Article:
The region of occurrence of these additional foramina was grouped into three regions, being the incisor region, canine region, and finally the premolar regions, and the highest number of foramina was seen in the central and lateral incisor region. Similar findings were found in the study done by de Oliveira-Santos et al., wherein the maximum number of foramen was found in the anterior region, i.e., near the central and lateral incisor.[11]

The presence of CS was also described in the study, and of the 100 scans which were examined, 22 scans showed the presence of CS, which comprised to be 22% of the scans. Other studies with larger sample size have been carried out in the past with similar results with higher prevalence. The study conducted by Wanzeler et al. contained examination of 100 CBCT scans, of which 88% of it showed the presence of CS and 87 scans showed the presence of the structure bilaterally.[1] Another study conducted by Manhães Júnior et al. for detecting the presence of CS, in which they had grouped the scans according to gender and named as female and male group. The results showed the presence of 99 scans with CS out of 284 scans in the female group and 82 out of 216 scans in the male group, comprising of 34.86% and 37.97% to be the prevalence rate in both groups, respectively.[13]

The present study has its strength in a way that it gives a detailed view about the identification of the anterior accessory foramen and the presence of CS in anterior maxillary region in three-dimensional radiograph in all three sections which is more appropriate than a two-dimensional radiograph. Furthermore, the radiation exposure is comparatively less in CBCT as compared to conventional CT. Limitation of the study includes its small sample size. Thus, the study with larger sample size should be carried out. While we consider the scope of the present study, we can say that a thorough knowledge of anatomic structures of the anterior maxilla and its variations is essential to reduce the chances of complications in any operative procedures carried out in the anterior maxilla.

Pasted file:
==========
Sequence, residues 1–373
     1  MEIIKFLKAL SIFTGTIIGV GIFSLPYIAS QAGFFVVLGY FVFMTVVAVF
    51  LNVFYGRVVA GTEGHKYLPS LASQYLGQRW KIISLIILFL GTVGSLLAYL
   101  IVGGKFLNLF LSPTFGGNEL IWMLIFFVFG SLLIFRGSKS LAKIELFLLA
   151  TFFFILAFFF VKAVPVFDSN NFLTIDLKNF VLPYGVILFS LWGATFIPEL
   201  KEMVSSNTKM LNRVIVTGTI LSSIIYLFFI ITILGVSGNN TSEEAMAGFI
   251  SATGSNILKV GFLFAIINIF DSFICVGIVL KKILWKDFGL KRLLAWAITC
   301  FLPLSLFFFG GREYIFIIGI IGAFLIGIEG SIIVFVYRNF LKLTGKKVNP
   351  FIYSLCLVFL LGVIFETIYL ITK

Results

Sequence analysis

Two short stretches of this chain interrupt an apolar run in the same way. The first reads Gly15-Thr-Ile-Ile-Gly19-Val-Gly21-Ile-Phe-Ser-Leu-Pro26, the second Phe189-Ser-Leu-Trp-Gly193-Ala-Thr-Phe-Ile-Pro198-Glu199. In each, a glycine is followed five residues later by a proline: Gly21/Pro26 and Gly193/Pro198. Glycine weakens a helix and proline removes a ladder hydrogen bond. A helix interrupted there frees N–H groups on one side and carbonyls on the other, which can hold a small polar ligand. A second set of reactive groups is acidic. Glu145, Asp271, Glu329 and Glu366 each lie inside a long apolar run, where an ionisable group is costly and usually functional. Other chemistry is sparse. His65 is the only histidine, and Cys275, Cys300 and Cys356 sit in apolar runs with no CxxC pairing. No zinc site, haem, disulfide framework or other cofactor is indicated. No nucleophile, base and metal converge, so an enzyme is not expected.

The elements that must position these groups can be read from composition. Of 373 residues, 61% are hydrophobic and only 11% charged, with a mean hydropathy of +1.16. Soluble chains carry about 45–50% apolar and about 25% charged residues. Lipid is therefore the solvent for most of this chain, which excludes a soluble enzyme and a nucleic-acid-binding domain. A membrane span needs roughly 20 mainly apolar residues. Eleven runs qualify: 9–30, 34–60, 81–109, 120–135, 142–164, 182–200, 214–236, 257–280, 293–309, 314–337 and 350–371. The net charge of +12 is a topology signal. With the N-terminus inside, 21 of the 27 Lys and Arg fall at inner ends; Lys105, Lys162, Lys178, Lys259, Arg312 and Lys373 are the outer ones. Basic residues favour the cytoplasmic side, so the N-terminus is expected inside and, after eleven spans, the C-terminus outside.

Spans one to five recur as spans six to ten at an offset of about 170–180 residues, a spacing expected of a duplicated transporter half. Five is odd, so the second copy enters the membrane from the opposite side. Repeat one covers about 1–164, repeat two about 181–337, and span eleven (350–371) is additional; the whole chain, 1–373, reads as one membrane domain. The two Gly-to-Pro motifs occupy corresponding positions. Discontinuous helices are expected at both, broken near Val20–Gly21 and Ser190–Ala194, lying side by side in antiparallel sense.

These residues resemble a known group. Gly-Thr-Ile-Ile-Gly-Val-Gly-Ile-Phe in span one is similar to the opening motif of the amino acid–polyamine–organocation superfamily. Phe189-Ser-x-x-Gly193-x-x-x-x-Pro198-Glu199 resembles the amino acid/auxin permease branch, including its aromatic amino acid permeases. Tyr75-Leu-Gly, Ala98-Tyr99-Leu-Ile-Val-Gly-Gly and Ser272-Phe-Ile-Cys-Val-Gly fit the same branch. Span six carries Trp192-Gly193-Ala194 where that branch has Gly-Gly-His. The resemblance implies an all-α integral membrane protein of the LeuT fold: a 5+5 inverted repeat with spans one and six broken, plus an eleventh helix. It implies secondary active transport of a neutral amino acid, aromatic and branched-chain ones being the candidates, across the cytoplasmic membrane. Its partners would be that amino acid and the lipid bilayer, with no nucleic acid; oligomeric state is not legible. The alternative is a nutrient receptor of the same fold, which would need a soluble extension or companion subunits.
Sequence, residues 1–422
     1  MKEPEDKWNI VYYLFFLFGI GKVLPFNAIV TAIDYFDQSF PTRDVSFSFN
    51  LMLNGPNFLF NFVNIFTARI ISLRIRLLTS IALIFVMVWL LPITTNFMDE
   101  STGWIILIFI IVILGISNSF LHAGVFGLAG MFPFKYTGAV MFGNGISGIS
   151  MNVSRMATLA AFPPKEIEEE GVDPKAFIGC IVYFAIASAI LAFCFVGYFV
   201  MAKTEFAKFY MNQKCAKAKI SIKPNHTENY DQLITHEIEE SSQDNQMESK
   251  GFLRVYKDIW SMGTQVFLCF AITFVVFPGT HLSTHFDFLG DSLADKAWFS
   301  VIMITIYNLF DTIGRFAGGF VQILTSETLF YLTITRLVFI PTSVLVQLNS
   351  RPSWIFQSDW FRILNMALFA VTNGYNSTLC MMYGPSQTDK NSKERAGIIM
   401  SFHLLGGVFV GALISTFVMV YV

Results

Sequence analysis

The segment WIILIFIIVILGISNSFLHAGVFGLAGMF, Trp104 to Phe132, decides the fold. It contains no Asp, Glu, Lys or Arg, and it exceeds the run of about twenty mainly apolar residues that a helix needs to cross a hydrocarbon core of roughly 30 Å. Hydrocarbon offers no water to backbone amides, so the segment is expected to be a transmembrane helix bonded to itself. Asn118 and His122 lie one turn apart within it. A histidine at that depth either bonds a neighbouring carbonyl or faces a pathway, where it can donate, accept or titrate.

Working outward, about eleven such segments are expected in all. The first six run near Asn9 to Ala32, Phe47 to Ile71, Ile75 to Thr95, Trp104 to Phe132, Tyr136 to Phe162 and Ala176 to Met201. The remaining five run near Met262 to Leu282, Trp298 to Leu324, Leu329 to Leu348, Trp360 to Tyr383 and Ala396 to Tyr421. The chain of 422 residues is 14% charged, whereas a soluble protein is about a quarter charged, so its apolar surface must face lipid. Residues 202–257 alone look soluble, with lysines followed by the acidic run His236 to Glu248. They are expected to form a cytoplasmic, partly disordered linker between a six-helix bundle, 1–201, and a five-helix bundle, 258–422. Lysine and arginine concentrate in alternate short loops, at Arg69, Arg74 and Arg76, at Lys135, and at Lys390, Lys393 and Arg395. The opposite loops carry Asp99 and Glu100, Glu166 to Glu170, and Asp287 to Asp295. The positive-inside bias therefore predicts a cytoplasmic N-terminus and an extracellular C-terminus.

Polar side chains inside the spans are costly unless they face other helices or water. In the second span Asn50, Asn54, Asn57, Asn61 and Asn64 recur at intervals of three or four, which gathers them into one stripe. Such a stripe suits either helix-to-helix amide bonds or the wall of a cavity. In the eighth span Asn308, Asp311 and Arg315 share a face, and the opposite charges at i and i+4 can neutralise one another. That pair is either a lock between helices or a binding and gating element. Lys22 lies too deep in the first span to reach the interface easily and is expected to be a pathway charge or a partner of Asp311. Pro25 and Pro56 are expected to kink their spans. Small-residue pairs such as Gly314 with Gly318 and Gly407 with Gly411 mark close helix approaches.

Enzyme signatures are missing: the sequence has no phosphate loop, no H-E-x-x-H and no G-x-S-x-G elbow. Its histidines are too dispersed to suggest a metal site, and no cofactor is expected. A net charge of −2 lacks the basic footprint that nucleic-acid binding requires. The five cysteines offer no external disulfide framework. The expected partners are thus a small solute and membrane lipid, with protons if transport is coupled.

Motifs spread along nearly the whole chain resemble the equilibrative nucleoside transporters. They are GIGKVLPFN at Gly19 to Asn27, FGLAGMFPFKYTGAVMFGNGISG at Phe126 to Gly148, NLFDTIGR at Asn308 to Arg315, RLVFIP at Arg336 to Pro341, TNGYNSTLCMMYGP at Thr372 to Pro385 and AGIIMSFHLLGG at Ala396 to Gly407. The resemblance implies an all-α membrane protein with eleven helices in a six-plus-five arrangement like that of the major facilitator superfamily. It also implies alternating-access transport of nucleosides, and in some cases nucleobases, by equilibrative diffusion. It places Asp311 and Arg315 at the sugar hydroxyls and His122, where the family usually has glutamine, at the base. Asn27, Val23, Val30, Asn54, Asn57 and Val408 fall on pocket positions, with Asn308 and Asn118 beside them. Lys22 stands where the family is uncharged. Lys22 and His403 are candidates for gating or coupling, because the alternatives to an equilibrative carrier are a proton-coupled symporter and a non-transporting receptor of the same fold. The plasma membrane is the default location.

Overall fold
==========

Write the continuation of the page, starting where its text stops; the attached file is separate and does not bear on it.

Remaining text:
Conclusion Top

Presurgical evaluation of the operating site for the identification of the various anatomical variations using CBCT for the tri-dimensional evaluation is very essential before planning the treatment to avoid the postoperative complications resulting due to invading such important anatomical structures.

Financial support and sponsorship


Conflicts of interest

There are no conflicts of interest.

   References Top

Wanzeler AM, Marinho CG, Alves Junior SM, Manzi FR, Tuji FM. Anatomical study of the Canalis sinuosus in 100 cone beam computed tomography examinations. Oral Maxillofac Surg 2015;19:49-53.  Back to cited text no. 1